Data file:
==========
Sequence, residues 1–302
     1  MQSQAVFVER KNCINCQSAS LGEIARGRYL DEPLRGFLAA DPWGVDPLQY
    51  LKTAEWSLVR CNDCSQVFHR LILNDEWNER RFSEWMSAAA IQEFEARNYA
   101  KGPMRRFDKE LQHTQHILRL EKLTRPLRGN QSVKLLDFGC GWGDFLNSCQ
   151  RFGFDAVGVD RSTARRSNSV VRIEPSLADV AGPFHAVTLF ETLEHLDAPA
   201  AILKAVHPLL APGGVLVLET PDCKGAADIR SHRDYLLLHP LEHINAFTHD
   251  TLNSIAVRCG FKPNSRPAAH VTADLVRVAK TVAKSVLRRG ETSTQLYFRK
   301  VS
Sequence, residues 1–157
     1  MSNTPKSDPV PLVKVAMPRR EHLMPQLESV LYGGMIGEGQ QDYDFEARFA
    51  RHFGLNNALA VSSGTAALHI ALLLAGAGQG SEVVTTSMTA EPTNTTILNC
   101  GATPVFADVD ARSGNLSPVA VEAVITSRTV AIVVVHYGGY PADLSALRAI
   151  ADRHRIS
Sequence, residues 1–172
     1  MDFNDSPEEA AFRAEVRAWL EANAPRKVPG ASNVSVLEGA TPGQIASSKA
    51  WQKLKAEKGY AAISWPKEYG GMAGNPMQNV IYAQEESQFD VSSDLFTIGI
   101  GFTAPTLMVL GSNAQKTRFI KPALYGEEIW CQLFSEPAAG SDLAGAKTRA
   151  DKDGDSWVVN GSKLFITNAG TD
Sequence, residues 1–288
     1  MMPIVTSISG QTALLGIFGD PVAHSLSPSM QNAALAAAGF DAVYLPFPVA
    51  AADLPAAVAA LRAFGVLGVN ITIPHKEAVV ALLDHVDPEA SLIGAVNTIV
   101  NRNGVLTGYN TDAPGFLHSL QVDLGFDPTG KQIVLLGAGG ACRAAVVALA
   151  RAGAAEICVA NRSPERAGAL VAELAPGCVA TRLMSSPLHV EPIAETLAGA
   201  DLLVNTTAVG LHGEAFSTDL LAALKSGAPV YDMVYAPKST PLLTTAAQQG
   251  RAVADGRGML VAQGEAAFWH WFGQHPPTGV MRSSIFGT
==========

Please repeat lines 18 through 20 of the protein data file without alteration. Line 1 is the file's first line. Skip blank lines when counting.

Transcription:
   151  DKDGDSWVVN GSKLFITNAG TD
Sequence, residues 1–288
     1  MMPIVTSISG QTALLGIFGD PVAHSLSPSM QNAALAAAGF DAVYLPFPVA